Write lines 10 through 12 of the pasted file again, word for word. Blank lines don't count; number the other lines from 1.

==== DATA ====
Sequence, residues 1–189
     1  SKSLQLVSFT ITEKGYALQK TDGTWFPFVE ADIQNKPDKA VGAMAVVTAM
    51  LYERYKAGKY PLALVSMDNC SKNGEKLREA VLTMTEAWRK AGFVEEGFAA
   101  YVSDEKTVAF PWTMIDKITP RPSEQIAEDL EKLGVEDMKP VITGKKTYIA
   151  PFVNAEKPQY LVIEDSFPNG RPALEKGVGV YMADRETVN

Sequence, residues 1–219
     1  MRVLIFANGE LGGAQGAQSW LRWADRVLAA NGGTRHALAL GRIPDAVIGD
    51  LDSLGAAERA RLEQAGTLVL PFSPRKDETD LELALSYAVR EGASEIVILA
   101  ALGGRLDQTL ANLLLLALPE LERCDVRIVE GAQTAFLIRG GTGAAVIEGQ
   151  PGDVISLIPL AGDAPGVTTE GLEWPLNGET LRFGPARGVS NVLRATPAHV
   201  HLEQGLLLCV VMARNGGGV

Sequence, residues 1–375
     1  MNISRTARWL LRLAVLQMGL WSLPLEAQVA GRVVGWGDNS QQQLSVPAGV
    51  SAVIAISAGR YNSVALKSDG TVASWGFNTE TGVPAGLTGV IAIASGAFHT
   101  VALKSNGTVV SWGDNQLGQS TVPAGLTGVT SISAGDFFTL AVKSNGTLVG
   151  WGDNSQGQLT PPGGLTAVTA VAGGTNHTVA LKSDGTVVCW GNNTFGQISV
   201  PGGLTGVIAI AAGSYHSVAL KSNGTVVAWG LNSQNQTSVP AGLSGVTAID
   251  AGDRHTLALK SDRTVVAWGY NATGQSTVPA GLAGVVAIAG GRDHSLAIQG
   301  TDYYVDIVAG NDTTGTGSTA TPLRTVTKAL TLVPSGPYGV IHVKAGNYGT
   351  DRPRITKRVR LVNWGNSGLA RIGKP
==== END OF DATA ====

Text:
   151  PGDVISLIPL AGDAPGVTTE GLEWPLNGET LRFGPARGVS NVLRATPAHV
   201  HLEQGLLLCV VMARNGGGV

Sequence, residues 1–375